As we saw from the opening part of this series, coding and programming are critically important skills in the new digital knowledge economy. And there are plenty of new initiatives out there designed to transform people’s perceptions about the difficulty of code, making teaching and learning opportunities readily available. Industry, education, and social channels are starting to market the concept of code to make it accessible to people of all walks of like.
Making code “real” has also become a large mandate for schools in recent years. Code is the lingua franca of the modern technology economy and those who can speak this language will gain the best jobs in the 21st century. To prepare students today to become the knowledge workers of tomorrow, schools must prepare them in new ways. Curriculum changes are needed. Teachers and educators are impelled by an increased sense of urgency behind the 3Rs and the P – Reading, Writing, Arithmetic … And Programming!
There are no lack of opportunities to learn code, for students and adults alike. Earlier this year the organization, Code.org, put out a video that went viral, showing the influence that code made in the lives of famous technologists such as Bill Gates, Mark Zuckerberg, and more. The organization’s Hour of Code initiative also launched successfully to get every student onboard with trying computer science for one hour, and hopefully continuing beyond that.
Another exciting new endeavor called CodeDay launched in May to encourage students to come together and build cool apps or games together in a 24-hour period of time.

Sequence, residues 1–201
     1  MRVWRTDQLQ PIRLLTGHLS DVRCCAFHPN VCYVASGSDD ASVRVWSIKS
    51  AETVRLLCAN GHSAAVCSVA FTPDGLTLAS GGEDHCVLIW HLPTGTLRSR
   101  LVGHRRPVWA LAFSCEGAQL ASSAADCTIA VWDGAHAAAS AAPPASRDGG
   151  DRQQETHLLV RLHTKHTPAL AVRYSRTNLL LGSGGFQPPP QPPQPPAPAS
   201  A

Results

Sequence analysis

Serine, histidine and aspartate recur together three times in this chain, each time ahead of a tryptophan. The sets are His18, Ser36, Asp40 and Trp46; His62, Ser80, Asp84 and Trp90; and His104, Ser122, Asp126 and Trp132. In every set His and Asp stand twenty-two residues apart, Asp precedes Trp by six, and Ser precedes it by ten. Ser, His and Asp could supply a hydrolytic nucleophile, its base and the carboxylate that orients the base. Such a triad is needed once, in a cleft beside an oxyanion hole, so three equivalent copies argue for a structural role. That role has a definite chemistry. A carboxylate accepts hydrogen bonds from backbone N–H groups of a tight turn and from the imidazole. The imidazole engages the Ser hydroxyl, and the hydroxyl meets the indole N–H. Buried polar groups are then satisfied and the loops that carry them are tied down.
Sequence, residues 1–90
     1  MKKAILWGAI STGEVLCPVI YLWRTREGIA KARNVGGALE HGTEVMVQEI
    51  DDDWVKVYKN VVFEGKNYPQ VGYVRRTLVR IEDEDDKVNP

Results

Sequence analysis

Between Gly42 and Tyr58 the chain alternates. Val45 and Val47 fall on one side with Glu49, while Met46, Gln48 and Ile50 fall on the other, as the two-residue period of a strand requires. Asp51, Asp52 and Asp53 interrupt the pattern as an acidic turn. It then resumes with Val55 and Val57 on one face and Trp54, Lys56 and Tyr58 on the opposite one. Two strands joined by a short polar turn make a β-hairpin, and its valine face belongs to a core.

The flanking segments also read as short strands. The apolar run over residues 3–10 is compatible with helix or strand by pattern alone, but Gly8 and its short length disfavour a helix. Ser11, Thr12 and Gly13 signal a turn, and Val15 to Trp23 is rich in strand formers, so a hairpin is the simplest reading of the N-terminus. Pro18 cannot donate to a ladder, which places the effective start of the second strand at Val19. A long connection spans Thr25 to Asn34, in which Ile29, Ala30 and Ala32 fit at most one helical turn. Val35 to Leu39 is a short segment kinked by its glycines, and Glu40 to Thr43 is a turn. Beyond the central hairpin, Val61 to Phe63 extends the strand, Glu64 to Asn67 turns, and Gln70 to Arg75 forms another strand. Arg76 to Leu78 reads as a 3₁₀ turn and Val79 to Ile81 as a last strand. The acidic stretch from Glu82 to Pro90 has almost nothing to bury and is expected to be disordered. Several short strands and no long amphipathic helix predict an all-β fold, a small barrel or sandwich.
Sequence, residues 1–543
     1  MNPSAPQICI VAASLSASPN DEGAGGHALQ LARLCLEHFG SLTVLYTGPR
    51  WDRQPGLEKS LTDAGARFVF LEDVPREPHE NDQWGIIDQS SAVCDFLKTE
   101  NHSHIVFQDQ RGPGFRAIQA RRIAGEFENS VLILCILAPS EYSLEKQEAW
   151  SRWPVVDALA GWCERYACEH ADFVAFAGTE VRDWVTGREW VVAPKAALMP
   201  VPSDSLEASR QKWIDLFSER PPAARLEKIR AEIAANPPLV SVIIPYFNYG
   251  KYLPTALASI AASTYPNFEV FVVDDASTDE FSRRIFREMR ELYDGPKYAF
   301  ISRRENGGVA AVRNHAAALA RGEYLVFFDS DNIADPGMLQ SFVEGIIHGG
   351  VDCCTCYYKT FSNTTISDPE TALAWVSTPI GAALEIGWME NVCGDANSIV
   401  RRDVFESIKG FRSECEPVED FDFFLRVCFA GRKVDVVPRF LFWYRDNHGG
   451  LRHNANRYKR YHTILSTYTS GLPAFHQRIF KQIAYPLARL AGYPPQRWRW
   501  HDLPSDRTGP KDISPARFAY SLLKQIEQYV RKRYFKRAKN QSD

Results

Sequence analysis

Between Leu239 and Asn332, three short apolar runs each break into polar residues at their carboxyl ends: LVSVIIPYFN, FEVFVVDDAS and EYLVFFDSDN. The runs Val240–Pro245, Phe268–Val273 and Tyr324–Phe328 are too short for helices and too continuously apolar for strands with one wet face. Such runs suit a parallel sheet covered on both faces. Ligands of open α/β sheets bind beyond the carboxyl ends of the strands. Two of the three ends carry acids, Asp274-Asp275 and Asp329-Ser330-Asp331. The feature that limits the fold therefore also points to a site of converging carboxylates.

Another option for learning code is through any one of a number of MOOCs, or Massive Open Online Course platforms such as Udacity, Coursera, Khan Academy, and edX. Through these platforms anyone from age 8 to 108 can take an online course, generally focused on areas of technology and innovation. For example, one of Udacity’s signature courses is Intro to Computer Science, which since its inception in 2012 has introduced over 400,000 students worldwide to Python by showing them how to program their own search engine.
Throughout this two-part series, the basic takeaway that we want to leave with you is that coding is a critical skill that people will need in order to become conversant in the new digital knowledge economy. Moreover, those who can code will have access to the top jobs and best promotions in the 21st century. Keep in mind as well though that coding is not just for professional programmers. As we said before, whether you’re a startup entrepreneur developing a new product or a small business leader marketing an existing one, being able to understand and/or write code is of immense value in today’s business world.
So, if you haven’t done so, give some serious thought to learning a bit of code today. There have never been more opportunities. Doing so, in fact, just might change your world!